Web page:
Youngsters, a constant learning curve

We’ve pulled together a fresh batch of tips & tricks we’ve picked from some recent experiences…

It’s ok to go off plan

We’ve all been there; you’ve set out a session plan and put out your poles. You mount up only to find that the ready-to-learn youngster you had the other day is nowhere to be found. Instead you have an unwilling and stubborn baby who is not in a cooperative mood. And that’s ok because that’s young horses. They’re not always going to want to do what you had planned so sometimes you need to go off script and do something else. And sometimes that something else is hopping off and trying again another day.

Don’t measure yourself against the 4yo next door

If you’re in a big yard there’s bound to be at least one other youngster among the herd of liveries (in our case there was at least 4 at one time). When this happens there’s always the temptation to judge your horses progress against these other horses why isn’t my horse jumping a course of fences yet?” or I’d love to be able to bring my youngster to their first show too” but this is never a good idea. Every horse is different and needs to progress at their own pace. For example, Darielle & Dante did their first show a few months ago whereas Orla & Coco are yet to attempt a course at all. This is just how it goes sometimes, if you start rushing your horse to do things they’re not ready for, you risk scaring them off completely and giving yourself a world of difficulty to get them back to where they were. Just remember to go at your own pace and you and your horse will get there when you’re ready. 

Max. 2 days hard riding per week

This is so important to remember when you’re bringing on a youngster. It’s so easy to forget that your horse is really only a baby and too much hard work can result in them turning sour and becoming unwilling to learn. To help avoid this we recommend: maximum 2 days hard work, 2 days off, and 3 fun or easy days mixing lunge work and hacking. You really need to be strict with yourself when it comes to this but it will pay off in the long-run. 

Hack in the Arena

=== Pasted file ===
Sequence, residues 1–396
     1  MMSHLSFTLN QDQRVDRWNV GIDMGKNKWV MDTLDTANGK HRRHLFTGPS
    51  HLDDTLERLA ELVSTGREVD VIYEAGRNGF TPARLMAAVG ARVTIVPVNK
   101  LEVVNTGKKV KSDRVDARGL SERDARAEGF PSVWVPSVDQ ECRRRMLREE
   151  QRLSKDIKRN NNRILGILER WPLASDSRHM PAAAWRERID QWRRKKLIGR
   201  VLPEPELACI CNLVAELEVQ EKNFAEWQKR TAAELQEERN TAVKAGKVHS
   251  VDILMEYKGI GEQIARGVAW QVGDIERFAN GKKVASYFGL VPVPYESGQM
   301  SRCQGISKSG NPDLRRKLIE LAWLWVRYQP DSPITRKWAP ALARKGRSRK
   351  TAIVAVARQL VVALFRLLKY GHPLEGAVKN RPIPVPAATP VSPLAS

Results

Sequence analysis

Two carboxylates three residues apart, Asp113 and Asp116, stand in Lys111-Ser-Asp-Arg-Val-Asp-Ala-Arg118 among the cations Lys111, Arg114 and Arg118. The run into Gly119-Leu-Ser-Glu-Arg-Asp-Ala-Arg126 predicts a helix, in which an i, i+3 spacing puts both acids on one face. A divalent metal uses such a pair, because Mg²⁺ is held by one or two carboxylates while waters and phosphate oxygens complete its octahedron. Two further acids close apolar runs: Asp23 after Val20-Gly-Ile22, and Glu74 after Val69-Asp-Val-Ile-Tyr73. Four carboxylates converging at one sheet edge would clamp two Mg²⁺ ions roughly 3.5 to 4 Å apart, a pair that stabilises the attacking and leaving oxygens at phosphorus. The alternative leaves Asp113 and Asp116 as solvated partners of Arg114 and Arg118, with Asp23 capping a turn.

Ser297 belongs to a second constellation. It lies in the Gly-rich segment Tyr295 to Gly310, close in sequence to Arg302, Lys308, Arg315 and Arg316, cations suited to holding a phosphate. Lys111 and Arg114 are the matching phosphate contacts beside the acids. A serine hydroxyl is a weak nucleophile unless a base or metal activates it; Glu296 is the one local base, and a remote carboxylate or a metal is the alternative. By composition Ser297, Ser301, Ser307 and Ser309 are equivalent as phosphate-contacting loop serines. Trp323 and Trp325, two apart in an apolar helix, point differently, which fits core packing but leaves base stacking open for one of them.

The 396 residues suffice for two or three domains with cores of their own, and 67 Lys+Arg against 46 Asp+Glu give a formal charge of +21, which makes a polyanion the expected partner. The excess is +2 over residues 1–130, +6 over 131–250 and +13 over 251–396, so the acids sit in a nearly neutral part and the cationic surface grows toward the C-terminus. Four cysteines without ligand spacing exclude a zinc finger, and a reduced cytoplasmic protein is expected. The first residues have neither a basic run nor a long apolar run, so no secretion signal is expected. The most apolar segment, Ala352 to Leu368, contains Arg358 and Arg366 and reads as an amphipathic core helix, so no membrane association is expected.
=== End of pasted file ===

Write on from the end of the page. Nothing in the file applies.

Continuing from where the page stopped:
Given the nature of young horses it can sometimes be difficult to get out for a hack. Maybe your horse won’t hack alone just yet and you can’t find a willing partner to join you or maybe you just don’t have safe roads or a track to venture out to. If any of this applies to you, there is always the option of hacking in the arena. This is something that never occurred to me until my last lesson but I’m so very grateful for it now. All you do is walk around the arena for 10 or 15 minutes..and that’s it. Don’t be tempted to pop into a small trot or anything difficult just walk. If you have a horse like Coco (easily exciteable by other horses/spooky/quick on her toes) this has so many benefits. Not only does it teach them that the arena doesn’t always mean work but if you’re doing it in a busy arena it helps your horse to realise that they don’t have to be doing what all the other horses are doing, that they can be chilled and do their own thing. It also gives you the opportunity to work on getting them long, low and relaxed in the walk so they can really stretch their back muscles which is always a good thing.

Sometimes you’ve just got to let them canter

This is such a simple and seemingly obvious idea, yet you’d be surprised how many people don’t realise how much simpler their life on their horse could be. Coco is a pretty buzzed horse a lot of the time and no matter how much lunging I do before I ride, she will still arrive at the arena with an abundance of energy. Ill bring her into trot and after a few strides she will attempt to pop into canter. I learned very quickly that fighting her when she’s like this is pointless and tends to result in a full blown tantrum. So I’ve discovered that the best thing to do is to let her canter. Do a few laps around the arena in a controlled but free canter and your horse will let you know when they’re ready to stop. Just be sure to warn your fellow riders of what you’re doing before you get going.

We hope you found our few pointers helpful and as always if you have any tips of your own please share by commenting below!

Orla & Darielle


Leave a Reply

Fill in your details below or click an icon to log in: Logo

You are commenting using your account. Log Out /  Change )

Twitter picture

You are commenting using your Twitter account. Log Out /  Change )

Facebook photo

You are commenting using your Facebook account. Log Out /  Change )

Connecting to %s

This site uses Akismet to reduce spam. Learn how your comment data is processed.

%d bloggers like this: